WHETHER REFERENCE TO RELIGION SHOULD LOSE EXEMPTION?


Q: Is mere reference to religion make it a religious trust?


A: Section 13(1) (a) would not allow exemption for any trust or institution with the object of private religious purposes, which does not ensure for the public. Section 13(1) (a) would not permit exemption, if it is for the benefit of any particular religious community or caste, unless the trust or institution is established before the commencement of Income Tax Act, 1961. However, it is not uncommon for trusts and institutions sponsored by a religious community or caste organization managed by such religious or caste to establish charitable trusts and institution for the public, but making a reference to the religion or caste or invoking the respective gods as a preamble and by making reference to religion or caste even in some objects in their documentation. Should such reference forfeit exemption?


This was the issue posed in Addl. Director of Income-tax (Exemption) v. Islamic Research Foundation (2013) 21 ITR (Trib.) 588 (Mumbai). It was held in this case, that mere reference to the God or religion need not lose the benefit of exemption, if the activities are for public benefit. There was a reference in the objects “ to propagate the Islamic faith ” but it was actually undertaking public activities including promotion of communal harmony, peace conferences, awareness and message of Islam, so as to remove hatred against Islam, promoting concept of justice, human rights, moral values and peace, progress, unity, organizing meetings of eminent men like judges and other dignitaries including Sri Sri Ravishankar, founder of Art of Living, so that it was actively engaged in charitable activities actively promoting brotherhood among people of all faiths. Its activities involved incurring of expenditure of about Rs.5 crores during the year. It was from these facts, it was found that this trust need not be treated as being vulnerable with reference to section 13 (1) (a) and (b). A number of decisions both ways were considered either in support of the view or for distinguishing them. It was also found that the trust has been exempt for past several years, so that even on the principle of consistency, denial of exemption was not justified following Radhaswami Satsang v. CIT (1992) 193 ITR 321 (SC).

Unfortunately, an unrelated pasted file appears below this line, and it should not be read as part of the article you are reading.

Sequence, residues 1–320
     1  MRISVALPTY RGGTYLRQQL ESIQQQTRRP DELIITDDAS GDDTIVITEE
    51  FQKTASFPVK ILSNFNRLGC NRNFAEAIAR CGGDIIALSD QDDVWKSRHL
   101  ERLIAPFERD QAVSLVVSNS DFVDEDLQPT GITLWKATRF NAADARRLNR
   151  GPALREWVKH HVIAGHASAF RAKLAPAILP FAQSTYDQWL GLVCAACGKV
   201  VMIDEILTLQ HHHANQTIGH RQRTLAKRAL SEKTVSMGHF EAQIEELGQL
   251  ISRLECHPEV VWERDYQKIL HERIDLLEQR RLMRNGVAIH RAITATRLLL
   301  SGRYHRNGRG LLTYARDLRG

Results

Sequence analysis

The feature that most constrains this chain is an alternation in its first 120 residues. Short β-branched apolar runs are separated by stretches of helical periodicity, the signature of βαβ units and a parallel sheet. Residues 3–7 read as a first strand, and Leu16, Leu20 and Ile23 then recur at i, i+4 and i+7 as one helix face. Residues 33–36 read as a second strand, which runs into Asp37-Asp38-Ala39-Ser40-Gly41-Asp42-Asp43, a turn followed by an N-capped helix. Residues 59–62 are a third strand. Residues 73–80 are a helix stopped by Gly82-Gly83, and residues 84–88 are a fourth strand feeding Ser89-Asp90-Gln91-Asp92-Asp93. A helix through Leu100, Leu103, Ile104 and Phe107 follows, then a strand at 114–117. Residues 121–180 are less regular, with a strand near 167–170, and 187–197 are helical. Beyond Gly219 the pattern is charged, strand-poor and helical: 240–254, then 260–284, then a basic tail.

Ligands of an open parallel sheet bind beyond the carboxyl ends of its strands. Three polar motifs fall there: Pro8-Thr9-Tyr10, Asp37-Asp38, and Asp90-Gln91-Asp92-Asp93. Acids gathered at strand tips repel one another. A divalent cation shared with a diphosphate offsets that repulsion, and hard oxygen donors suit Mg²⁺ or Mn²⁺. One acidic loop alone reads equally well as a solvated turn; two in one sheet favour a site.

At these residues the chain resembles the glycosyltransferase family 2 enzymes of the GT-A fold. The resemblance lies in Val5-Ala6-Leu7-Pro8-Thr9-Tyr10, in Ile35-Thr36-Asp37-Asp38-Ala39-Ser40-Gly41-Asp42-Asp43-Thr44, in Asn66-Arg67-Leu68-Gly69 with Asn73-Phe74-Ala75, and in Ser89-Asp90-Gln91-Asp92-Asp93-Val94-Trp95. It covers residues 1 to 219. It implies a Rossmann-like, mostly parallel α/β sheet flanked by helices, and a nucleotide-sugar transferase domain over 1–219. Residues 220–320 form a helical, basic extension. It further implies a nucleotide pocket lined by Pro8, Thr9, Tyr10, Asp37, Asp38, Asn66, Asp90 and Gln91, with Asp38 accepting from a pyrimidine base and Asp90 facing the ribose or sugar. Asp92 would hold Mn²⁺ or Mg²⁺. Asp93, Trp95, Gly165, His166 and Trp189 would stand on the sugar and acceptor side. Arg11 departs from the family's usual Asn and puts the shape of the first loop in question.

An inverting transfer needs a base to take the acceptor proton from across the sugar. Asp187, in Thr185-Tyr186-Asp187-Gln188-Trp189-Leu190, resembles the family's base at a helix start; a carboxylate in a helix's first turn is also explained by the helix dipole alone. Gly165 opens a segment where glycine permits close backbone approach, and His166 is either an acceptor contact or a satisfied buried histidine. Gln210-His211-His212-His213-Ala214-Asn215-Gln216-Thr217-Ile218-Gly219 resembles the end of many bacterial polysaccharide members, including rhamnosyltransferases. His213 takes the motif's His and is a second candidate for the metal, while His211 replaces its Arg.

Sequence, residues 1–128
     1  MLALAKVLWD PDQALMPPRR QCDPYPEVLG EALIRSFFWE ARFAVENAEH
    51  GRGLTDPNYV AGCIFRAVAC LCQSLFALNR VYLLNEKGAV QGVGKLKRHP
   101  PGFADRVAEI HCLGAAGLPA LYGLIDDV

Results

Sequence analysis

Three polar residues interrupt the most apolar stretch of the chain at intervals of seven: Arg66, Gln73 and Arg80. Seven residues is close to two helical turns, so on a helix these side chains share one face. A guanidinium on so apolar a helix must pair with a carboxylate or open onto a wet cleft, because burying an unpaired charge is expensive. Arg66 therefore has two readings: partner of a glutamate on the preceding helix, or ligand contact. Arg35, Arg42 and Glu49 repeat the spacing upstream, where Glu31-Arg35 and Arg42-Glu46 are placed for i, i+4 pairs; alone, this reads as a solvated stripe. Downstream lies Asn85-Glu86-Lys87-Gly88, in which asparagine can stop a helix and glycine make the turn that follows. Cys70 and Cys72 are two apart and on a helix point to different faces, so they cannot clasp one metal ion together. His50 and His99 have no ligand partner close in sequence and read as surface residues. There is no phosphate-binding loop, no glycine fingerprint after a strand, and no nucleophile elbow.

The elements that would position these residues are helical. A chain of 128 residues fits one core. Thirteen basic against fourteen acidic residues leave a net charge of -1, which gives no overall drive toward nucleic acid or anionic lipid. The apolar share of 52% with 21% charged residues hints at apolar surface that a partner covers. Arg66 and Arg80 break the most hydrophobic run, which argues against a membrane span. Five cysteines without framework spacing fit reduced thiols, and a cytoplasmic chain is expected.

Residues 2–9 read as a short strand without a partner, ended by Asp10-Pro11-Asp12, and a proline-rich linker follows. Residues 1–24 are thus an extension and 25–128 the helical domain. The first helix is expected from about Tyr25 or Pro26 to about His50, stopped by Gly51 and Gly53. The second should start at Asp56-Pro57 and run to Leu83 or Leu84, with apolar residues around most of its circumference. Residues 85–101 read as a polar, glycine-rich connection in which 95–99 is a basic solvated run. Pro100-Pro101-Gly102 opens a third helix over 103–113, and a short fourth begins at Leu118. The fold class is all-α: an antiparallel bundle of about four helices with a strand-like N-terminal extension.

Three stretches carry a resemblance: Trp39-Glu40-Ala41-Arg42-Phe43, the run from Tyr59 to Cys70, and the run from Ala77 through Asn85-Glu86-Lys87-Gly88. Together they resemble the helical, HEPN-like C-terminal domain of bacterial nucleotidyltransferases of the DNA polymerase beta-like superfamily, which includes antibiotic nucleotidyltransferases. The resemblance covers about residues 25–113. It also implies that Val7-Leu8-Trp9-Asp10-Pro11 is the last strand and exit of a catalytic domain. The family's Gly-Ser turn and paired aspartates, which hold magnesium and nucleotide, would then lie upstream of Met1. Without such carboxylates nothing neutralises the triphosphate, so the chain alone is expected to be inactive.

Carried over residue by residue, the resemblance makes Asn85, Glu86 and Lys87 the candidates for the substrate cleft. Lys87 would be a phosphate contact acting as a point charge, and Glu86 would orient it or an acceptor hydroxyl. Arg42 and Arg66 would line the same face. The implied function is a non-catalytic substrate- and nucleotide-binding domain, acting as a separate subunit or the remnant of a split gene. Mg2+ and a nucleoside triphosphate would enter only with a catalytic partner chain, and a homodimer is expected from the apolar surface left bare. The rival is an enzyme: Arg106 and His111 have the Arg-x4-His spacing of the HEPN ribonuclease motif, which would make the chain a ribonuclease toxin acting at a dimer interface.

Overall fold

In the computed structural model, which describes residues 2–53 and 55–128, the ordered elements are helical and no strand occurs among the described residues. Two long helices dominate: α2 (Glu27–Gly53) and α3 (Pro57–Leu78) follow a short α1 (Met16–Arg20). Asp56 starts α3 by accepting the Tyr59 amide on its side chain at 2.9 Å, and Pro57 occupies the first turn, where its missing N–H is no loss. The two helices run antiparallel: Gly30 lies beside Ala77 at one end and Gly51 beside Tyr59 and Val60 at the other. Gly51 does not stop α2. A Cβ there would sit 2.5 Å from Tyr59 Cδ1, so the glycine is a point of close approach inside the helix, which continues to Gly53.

The decision in this case is that, it is the activities which are more relevant than the objects themselves. In such cases, the documents which have so far been found as not warranting refusal of exemption are more rigidly scanned, so that any reference to the ideals, which inspired them to render public service are often misunderstood as confined to narrower religious purposes. The objects need not be understood in a narrow sense.


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